Little-known Mozambique is a somewhat quiet Southern African country, but its oil and gas industry racks some noise globally. The Portuguese-speaking country’s initial exploratory drilling in 2007 uncovered economy-changing volumes of natural gas offshore. Ever since, the nation’s promise of vast natural riches has been on steady growth, enough for Total SA in Mozambique to secure USD 16 Bn to build an LNG (Liquified and Natural Gas) project.
Mozambique is on track to become the world’s fourth-largest natural gas exporter, shaping up to to become one of the next energy superpowers. That is one reason the Total SA LNG project in the country raised funding from a score of financial institutions, regardless of the drawbacks both caused and exacerbated by the coronavirus pandemic.
What’s more, the USD 16 Bn raise—which exceeded its target size despite Covid-19—is almost an equivalent to Mozambique’s economy, whose Gross Domestic Product (GDP) is about USD 14.396 Bn. The company has raised USD 600 Mn more than what it planned, an oversubscription that testifies to the confidence and strength surrounding the project.
The LNG project has been years in the making. Anadarko Petroleum Corporation—a hydrocarbon exploration company headquartered in The Woodlands, Texas—is responsible for the discovery of the first major offshore gas deposit more than 10 years ago. Amidst its struggles to secure long-term buyers from across the world, Occidental Petroleum Corporation—an American hydrocarbon exploration company—acquired the company and sold the gas project to Total in 2019..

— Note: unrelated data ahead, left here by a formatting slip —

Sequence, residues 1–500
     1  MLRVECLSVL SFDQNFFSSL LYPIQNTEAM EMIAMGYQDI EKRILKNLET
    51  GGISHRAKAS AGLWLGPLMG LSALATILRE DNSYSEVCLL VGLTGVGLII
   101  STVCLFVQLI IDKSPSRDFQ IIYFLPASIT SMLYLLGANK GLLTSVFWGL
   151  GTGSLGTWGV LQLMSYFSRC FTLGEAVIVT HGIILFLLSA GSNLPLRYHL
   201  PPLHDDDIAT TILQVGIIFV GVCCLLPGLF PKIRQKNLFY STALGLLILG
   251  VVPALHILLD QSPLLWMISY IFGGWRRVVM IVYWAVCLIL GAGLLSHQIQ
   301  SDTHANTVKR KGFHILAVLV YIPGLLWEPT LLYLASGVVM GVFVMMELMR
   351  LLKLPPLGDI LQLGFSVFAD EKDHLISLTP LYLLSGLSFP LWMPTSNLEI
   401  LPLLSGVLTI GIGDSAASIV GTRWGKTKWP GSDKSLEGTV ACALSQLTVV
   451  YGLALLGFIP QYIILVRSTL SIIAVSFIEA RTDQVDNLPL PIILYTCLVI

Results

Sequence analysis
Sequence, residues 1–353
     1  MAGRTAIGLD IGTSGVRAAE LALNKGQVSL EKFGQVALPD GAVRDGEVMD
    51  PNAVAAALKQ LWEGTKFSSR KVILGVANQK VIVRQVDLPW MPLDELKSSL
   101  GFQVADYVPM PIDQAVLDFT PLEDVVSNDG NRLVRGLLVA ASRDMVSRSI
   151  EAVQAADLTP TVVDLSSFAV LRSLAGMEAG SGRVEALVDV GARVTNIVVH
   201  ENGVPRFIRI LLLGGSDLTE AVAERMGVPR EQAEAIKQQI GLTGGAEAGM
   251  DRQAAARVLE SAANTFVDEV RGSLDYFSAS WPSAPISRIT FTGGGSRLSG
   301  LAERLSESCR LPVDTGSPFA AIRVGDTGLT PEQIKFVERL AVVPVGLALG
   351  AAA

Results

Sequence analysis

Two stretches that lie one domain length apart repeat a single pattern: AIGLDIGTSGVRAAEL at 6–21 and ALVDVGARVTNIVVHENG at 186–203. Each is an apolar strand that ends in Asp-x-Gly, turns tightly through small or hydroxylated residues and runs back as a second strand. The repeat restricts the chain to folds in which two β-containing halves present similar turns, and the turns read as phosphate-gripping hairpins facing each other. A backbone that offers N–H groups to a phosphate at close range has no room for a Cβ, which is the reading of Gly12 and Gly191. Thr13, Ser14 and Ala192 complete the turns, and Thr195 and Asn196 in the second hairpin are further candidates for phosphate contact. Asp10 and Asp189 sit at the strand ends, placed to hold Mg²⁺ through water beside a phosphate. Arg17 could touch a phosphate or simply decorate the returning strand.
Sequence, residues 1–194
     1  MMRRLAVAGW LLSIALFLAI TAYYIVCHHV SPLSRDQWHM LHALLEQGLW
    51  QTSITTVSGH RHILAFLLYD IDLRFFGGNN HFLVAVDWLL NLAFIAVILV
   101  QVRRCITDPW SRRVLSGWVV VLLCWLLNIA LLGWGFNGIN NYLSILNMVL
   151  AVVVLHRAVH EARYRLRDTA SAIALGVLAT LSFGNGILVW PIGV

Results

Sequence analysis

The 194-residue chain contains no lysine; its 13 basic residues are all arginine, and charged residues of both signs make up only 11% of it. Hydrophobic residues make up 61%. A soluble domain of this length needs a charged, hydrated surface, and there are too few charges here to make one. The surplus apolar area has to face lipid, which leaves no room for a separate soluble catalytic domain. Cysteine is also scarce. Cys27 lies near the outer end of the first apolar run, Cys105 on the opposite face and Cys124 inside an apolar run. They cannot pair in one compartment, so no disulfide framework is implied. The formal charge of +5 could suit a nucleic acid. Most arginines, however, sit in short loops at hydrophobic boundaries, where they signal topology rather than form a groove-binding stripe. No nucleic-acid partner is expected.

It is now common knowledge that Mozambique’s Rovuma Basin, a river in the African Great Lakes region, contains vast reserves of high-quality natural gas. Estimates vary as to the actual size, but a commonly obtained figure is 100 trillion cubic feet (Tfc); that is equivalent to equal to about one quadrillion British thermal units. According to Kyle’s Converter, that is over 10 thousand million of potential oil barrels.
Mozambique’s government expects to raise USD 95 Bn from in natural gas deposits revenue over the next 25 years, and that financial expectation is about 7 times larger than the country’s GDP. Another LNG project being built by Exxonmobil in the Rovuma Basin is also expected to generate USD 46 Bn for the country, while 2 other LNG projects are being developed by Eni SpA and Total.
According to estimates from Standard Bank, other projects, including gas-to-liquid converters and fertilizer plants can benefit from the gas supply and with gas liquefactions facilities involve a sum of USD 125 Bn in investments.
In 2019, large extractive industry projects in contributed USD 1.118 Bn to Mozambique’s tax revenue, marking a fivefold increase from what was recorded in the previous year.
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